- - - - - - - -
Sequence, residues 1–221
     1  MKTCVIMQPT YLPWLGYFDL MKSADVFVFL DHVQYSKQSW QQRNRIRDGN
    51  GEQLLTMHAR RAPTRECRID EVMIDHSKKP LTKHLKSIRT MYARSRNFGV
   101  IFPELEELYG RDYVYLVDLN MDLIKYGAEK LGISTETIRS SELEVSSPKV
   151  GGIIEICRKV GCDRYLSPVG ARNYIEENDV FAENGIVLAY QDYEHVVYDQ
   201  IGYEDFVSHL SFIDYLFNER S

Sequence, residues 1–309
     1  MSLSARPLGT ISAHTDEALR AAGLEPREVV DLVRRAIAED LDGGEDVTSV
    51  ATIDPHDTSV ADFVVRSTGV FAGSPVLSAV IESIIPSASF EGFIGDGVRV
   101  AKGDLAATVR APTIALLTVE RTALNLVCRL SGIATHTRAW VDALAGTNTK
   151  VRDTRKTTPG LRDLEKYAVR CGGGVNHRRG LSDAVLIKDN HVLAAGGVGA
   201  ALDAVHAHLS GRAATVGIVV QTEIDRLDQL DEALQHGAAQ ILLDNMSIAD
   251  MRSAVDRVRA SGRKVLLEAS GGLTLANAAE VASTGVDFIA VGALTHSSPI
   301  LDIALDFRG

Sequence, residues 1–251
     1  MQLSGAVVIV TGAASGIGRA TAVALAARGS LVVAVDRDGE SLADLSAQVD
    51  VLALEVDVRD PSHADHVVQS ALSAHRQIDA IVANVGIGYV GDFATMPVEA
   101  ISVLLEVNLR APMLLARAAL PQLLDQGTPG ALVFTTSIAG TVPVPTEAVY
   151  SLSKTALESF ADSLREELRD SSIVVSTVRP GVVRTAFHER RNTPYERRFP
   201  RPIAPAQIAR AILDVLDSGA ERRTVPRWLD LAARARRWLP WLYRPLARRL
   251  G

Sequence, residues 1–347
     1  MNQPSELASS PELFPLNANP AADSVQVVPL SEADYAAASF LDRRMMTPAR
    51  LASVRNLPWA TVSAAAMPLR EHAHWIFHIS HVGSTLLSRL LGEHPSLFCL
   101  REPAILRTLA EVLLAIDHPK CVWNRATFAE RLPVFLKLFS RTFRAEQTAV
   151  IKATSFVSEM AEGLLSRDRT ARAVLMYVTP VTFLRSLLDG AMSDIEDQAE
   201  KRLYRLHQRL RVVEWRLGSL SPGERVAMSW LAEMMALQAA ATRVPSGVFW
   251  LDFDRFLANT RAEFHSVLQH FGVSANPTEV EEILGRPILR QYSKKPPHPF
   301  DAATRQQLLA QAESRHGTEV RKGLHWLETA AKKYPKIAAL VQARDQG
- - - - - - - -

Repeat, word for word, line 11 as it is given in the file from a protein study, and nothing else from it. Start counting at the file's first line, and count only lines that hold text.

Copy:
   151  VRDTRKTTPG LRDLEKYAVR CGGGVNHRRG LSDAVLIKDN HVLAAGGVGA